73. Key benefits of this option are its balanced approach to improving safety and streetscape amenity and providing for people movement; and the higher level of investment that provides more scope for elements like kerb changes and the ability to continue to respond to issues raised and deliver a more tailored solution. The option also fits with the government/minister aspirations to support growth in Tauriko through improved public transport access to employment and services, UFTI direction, and agreement that Te Papa is our transformational priority project that supports intensification around Cameron Road’s spinal function. However, it is the costliest option (a very rough total cost estimate of $40M, of which we reasonably expect 51% FAR subsidy from NZTA). We realise fiscal constraints may impact this project and others, as a result of COVID-19. We will be value-engineering the preliminary design where possible to address this.
74. The main components of Option 8 (High-level safety/multi-modal/place-making) are:
(a) One traffic lane in each direction between Harington St and Elizabeth St (although additional lane capacity will be provided for at intersections, for safe and efficient operation). This is to create better place-making and amenity outcomes, but we are conscious of the experience in Greerton around removing capacity and are undertaking further transport modelling to assist this decision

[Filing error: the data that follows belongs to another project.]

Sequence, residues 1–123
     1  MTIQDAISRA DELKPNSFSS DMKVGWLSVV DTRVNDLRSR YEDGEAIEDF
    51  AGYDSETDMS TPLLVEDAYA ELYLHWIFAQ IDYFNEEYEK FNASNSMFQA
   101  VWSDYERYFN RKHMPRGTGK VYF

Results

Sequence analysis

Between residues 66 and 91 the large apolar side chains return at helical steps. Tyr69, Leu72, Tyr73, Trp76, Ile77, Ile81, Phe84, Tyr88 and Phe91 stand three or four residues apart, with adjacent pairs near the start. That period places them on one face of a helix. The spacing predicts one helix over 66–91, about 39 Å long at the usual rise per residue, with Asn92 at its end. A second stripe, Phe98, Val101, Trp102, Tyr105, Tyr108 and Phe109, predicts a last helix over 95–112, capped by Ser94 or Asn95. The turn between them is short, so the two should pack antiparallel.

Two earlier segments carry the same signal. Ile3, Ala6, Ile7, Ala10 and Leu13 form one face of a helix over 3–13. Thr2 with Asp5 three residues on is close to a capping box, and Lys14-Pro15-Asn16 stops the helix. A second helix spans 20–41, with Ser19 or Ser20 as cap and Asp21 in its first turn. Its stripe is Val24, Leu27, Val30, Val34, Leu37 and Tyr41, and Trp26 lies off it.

(b) Two traffic lanes in each direction between Elizabeth St and 17th Ave – a resolution was passed in July 2019 “not to proceed with replacing a traffic lane with bus/HOV lane”, based on traffic modelling evidence
(c) Bus lane from 16th Ave to 9th Ave; bus clearway (car parking off-peak) from 9th Ave to Elizabeth St; no buses in Elizabeth-Harington – we envisage the clearway and bus lane will be staged and future proofed
(d) Two-way separated cycleway on the eastern side, next to footpath
(e) Signalisation of 3rd and 9th Avenue intersections
(f) All crossing points to be controlled and focus on pedestrian/cycle priority
(g) Upgrades to create boulevard amenity
(h) High-level focus on place-making, with planting, wayfinding, cultural storytelling, active frontages, rest areas, artwork
(i) Shift kerb lines and trees within the central median
(j) Layout changes and some street closures to make side streets and intersections safer/more accessible for people on foot, bikes, mobility scooters.